Lagunitas is pretty tight-lipped about the hop bill, but their IPA is citrusy, fruity and peppery. A word to the wise: Lagunitas is definitely not progressive about their date coding. Bottled-on dates are printed in hard to read black in near the bottle’s shoulder; the code is in Julian dating, which gives the day number of the year, then year number, then bottling time on a 24 hour clock (usually). http://www.freshbeeronly.com/ is your friend here.
As an inveterate consumer of sparkling water, I love the high carbonation, seltzer-like quality of this beer.”
New Belgium Fat Tire
Another American classic whose influence is hard to overstate, New Belgium recently launched in Massachusetts, making it the 46th state of distribution for the iconic Colorado brewery. One of a number of national breweries to undertake an eastern expansion in recent years, NB’s massive new facility in Asheville, North Carolina went online in May of 2016, which means (theoretically) fresher beer for its Midwest and East Coast distribution networks.
Fat Tire is the brand that made all this possible. A 5.2% American Amber Ale, it is biscuity and caramelly but not cloying, with enough hop balance to give it a nice snappy finish. Widely acknowledged as having been inspired by Belgium’s native Palm Amber Ale, Fat Tire is one of those curious behemoths in craft beer that is both loved by the masses and derided by the cognoscenti: scoring a meager 42 on RateBeer, this is definitely one I’ve seen many geeks dismiss.
I say it’s a great amber in a pinch, especially as a bridge beer for macro drinkers for whom excess hoppiness (that is, in excess of say ~10 IBUs) is alienating. When I was in graduate school at Miami University in rural southwestern Ohio (before NB had Ohio distro), folks would drive the 30 minutes or so across the nearby Indiana border to buy Fat Tire 12 packs from a dirt-floored convenience store – so yeah, the brand has some reach. New Belgium is a stickler for freshness and quality, and the Best By date should feature prominently on the label/packaging.
Miller High Life
So let’s say there’s no craft in this theoretical gas station. What then? Go dry? Maybe you, o my human brother; not I. For me, it’s the High Life.
The Champagne of Beers is my nominee for best, most interesting macro option when faced with a lack of craft. But hell, I’ll cop to grabbing a six pack occasionally no matter where I am.
As an inveterate consumer of sparkling water, I love the high carbonation, seltzer-like quality of this beer. Its clear bottle is, as the Miller marketing copy directs us, “iconic,” and made possible by the light-insensitive tetra-hop extract Miller uses in most of their beers, making High Life and others impervious to “skunking.” I find High Life to have a bit more sweet malt flavor than its completely deracinated brethren like Bud Light or Coors.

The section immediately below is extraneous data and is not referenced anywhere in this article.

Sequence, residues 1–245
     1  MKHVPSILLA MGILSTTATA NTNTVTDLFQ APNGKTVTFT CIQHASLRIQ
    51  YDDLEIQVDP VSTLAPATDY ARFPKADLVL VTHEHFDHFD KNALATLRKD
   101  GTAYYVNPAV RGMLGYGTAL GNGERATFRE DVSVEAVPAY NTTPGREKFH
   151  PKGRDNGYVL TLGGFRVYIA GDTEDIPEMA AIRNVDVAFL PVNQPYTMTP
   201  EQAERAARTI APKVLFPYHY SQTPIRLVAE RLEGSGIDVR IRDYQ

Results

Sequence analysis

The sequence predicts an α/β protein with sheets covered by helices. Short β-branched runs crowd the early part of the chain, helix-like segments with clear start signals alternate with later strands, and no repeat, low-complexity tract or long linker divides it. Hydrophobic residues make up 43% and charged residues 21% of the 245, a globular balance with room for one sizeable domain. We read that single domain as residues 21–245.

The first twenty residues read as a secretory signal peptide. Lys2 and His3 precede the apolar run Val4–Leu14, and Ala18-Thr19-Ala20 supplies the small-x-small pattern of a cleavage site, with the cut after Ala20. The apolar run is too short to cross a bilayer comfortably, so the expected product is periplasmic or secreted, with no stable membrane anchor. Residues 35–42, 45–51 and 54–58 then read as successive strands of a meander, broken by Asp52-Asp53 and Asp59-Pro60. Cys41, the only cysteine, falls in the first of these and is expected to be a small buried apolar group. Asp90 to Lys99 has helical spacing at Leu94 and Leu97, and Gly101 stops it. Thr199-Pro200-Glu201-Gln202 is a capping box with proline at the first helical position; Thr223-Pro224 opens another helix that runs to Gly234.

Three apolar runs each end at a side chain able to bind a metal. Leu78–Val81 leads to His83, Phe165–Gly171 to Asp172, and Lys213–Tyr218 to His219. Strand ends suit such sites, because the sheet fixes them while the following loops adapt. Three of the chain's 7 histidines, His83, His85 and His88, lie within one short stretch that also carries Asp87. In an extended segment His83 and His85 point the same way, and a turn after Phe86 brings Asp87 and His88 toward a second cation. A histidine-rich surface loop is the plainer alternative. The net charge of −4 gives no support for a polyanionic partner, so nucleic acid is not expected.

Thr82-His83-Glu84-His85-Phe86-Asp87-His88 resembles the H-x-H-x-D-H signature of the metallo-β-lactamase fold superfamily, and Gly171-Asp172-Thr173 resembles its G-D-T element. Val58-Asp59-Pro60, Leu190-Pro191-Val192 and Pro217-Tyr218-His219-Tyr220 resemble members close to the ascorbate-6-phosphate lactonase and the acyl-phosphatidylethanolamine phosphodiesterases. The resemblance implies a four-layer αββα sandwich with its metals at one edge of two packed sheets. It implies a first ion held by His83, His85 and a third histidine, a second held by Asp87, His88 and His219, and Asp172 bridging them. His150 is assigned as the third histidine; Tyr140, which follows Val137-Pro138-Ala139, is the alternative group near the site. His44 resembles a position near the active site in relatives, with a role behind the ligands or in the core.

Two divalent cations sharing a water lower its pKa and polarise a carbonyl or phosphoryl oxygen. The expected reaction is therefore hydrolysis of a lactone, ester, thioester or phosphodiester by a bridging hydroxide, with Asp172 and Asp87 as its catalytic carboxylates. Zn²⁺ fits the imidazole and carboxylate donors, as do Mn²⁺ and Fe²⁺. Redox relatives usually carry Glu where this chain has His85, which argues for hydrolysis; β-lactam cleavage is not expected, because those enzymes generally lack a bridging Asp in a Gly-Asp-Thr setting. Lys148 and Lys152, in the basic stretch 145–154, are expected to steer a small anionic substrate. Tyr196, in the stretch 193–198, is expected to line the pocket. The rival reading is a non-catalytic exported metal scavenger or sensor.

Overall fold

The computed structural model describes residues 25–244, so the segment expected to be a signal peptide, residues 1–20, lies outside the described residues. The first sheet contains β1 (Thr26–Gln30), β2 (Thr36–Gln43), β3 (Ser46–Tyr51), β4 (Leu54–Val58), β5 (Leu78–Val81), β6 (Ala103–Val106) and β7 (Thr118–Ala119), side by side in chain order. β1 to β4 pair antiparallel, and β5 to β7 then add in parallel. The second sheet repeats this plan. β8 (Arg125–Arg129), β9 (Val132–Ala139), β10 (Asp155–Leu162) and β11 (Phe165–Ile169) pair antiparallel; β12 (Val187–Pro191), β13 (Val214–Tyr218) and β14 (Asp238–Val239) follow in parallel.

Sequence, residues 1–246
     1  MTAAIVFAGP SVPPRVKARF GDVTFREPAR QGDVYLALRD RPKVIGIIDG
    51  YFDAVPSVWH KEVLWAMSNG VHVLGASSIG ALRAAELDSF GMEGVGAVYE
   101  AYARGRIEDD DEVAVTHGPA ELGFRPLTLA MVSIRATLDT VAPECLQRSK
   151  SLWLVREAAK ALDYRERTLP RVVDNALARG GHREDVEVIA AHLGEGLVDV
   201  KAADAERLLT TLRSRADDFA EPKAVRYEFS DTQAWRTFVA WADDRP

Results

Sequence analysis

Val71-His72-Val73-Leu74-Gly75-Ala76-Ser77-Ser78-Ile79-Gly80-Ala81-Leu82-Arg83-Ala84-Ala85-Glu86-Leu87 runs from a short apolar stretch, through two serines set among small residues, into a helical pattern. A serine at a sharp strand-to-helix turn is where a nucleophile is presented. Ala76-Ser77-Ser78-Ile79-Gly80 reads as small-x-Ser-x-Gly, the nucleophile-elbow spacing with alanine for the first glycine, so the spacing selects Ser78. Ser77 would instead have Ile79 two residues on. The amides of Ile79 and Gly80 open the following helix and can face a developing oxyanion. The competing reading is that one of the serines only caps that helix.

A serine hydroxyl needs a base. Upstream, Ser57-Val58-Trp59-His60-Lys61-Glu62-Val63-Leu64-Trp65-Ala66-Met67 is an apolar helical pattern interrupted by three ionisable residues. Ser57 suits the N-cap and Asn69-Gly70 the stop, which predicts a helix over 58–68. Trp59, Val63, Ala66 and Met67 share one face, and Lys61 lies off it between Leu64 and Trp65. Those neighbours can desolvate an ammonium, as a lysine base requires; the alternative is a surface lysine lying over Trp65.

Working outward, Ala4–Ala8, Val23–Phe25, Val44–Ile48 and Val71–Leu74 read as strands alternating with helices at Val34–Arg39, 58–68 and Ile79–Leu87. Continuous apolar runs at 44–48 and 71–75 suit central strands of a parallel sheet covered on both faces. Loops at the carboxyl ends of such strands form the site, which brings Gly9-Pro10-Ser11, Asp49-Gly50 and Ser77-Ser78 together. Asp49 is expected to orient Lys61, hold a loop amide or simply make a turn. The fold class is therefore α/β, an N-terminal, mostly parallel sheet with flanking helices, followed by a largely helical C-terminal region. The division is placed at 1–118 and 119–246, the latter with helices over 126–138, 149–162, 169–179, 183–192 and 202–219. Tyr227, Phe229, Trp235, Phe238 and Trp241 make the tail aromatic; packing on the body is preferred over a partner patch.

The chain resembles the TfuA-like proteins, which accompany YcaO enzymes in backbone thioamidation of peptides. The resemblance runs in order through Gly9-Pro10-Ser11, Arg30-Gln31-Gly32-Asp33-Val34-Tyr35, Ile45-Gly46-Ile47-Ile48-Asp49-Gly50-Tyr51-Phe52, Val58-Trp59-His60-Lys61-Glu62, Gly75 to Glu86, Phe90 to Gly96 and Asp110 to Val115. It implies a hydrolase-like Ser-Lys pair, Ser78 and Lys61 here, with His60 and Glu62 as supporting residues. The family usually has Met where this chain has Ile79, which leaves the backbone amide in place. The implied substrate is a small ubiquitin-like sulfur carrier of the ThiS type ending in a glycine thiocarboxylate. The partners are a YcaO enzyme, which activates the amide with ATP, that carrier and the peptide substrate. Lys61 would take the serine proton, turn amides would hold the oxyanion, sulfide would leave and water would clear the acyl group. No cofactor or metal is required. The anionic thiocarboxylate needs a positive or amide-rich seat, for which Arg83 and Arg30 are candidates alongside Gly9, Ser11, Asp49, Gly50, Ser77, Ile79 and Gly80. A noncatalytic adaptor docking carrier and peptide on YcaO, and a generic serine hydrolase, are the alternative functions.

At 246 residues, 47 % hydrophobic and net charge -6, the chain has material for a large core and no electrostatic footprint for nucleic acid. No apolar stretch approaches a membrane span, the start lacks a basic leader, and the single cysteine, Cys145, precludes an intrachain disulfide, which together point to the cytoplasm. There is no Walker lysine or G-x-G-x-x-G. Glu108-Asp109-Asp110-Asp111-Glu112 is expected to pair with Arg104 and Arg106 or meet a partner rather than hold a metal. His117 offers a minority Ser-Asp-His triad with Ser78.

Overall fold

I’ve been drinking this beer since I was a teenager, and it seems somewhat unlikely that I’m going to stop any time soon. Plus it’s a solid 1 on RateBeer!
Freshness is still worth thinking about here; according to BeerDates.com, most Miller brands have a “Do Not Sell” date in MMDDY format somewhere on the bottle or can, and most of their brands are meant for consumption within 120 days after packaging. Pour one out for the Mayor.
Goose Island Seasonal
Goose Island was arguably the first craft brewery acquired by one of the macro giants; acquired outright by Anheuser-Busch InBev (whose venture capital firm, ZX Ventures, is a partner in this very publication) in 2011, Goose’s consequent relationship with the craft community at large has been… complicated.
Certainly it’s put the brand in places its founders probably couldn’t have imagined less than a decade ago, including every grocery store, ball park, carryout and gas station in my neck of the woods and throughout most of the country. People who enjoy getting all chest-out about the purity of small independent craft are also in my experience adept at talking out of both sides of their mouths regarding something like Goose’s iconic Bourbon County Brand Stouts, but – I digress.
The ubiquity of Goose Island means it may be one of the only seasonal beers on the shelf, depending on where you are. While I’m not a fan of many of their core brands, like Honker’s Ale or their 312 Wheat, I have in the past and would again reach for their Oktoberfest, a respectable if somewhat untraditional Märzen at 6.4%. Their brown Winter Ale (5.3%) will also do if you’re craving something on the malty side. Though no longer a seasonal, I’ve gathered from studying store shelves that many distributors use their Four Star Pils (5.1%) as a warm weather seasonal, and it’s a good alternative to blander macro entries in this category.
Goose Island uses packaged on dates that should be easy to find; the packaging should also indicate the beer’s shelf life, “Enjoy Within 180 Days,” etc.